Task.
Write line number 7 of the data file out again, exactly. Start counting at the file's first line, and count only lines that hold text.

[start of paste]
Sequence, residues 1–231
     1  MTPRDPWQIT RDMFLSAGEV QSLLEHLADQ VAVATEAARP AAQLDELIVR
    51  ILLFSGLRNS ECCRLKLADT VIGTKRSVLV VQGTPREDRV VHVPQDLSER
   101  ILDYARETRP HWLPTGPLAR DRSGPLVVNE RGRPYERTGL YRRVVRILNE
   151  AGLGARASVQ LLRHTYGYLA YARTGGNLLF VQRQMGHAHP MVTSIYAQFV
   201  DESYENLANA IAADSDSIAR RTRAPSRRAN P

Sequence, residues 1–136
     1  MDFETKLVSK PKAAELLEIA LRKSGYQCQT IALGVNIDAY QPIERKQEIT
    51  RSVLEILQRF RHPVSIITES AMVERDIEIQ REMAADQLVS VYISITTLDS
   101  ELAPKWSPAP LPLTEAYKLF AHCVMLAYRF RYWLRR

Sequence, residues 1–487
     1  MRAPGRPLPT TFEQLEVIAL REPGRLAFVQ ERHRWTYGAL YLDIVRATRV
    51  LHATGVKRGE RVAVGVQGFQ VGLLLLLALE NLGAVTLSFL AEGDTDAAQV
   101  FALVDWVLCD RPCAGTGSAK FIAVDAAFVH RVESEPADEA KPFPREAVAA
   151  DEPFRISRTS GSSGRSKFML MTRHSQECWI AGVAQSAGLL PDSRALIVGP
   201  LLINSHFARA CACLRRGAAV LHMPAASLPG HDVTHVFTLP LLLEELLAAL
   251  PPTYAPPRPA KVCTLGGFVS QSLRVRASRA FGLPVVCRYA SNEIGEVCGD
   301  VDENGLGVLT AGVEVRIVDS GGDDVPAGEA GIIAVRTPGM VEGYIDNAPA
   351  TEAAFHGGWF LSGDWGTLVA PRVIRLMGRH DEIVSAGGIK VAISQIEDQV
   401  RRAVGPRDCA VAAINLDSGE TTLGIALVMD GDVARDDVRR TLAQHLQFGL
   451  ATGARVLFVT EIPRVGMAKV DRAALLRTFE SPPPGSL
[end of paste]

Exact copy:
Sequence, residues 1–136